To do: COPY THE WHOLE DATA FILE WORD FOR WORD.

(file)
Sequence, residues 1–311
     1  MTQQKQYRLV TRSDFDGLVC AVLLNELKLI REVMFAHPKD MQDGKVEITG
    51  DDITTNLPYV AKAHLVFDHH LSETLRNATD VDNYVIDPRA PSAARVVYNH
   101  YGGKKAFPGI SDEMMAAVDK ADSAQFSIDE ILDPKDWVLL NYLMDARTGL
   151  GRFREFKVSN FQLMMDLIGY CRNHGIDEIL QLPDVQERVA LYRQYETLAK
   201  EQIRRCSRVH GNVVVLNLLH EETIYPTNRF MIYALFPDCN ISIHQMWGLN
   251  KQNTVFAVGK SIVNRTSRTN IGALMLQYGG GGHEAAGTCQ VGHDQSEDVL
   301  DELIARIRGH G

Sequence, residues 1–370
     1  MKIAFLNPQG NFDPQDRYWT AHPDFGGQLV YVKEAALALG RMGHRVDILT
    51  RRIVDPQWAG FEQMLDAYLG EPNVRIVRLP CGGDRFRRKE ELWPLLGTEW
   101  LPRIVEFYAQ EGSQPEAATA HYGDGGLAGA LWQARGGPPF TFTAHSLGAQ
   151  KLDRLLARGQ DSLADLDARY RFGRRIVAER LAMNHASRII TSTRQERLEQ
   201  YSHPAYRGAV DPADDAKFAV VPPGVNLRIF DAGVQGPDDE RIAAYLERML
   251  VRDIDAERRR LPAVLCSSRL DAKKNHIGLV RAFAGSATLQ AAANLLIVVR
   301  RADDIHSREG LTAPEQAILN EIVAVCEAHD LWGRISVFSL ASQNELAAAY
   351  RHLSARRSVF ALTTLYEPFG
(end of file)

Sequence, residues 1–311
     1  MTQQKQYRLV TRSDFDGLVC AVLLNELKLI REVMFAHPKD MQDGKVEITG
    51  DDITTNLPYV AKAHLVFDHH LSETLRNATD VDNYVIDPRA PSAARVVYNH
   101  YGGKKAFPGI SDEMMAAVDK ADSAQFSIDE ILDPKDWVLL NYLMDARTGL
   151  GRFREFKVSN FQLMMDLIGY CRNHGIDEIL QLPDVQERVA LYRQYETLAK
   201  EQIRRCSRVH GNVVVLNLLH EETIYPTNRF MIYALFPDCN ISIHQMWGLN
   251  KQNTVFAVGK SIVNRTSRTN IGALMLQYGG GGHEAAGTCQ VGHDQSEDVL
   301  DELIARIRGH G

Sequence, residues 1–370
     1  MKIAFLNPQG NFDPQDRYWT AHPDFGGQLV YVKEAALALG RMGHRVDILT
    51  RRIVDPQWAG FEQMLDAYLG EPNVRIVRLP CGGDRFRRKE ELWPLLGTEW
   101  LPRIVEFYAQ EGSQPEAATA HYGDGGLAGA LWQARGGPPF TFTAHSLGAQ
   151  KLDRLLARGQ DSLADLDARY RFGRRIVAER LAMNHASRII TSTRQERLEQ
   201  YSHPAYRGAV DPADDAKFAV VPPGVNLRIF DAGVQGPDDE RIAAYLERML
   251  VRDIDAERRR LPAVLCSSRL DAKKNHIGLV RAFAGSATLQ AAANLLIVVR
   301  RADDIHSREG LTAPEQAILN EIVAVCEAHD LWGRISVFSL ASQNELAAAY
   351  RHLSARRSVF ALTTLYEPFG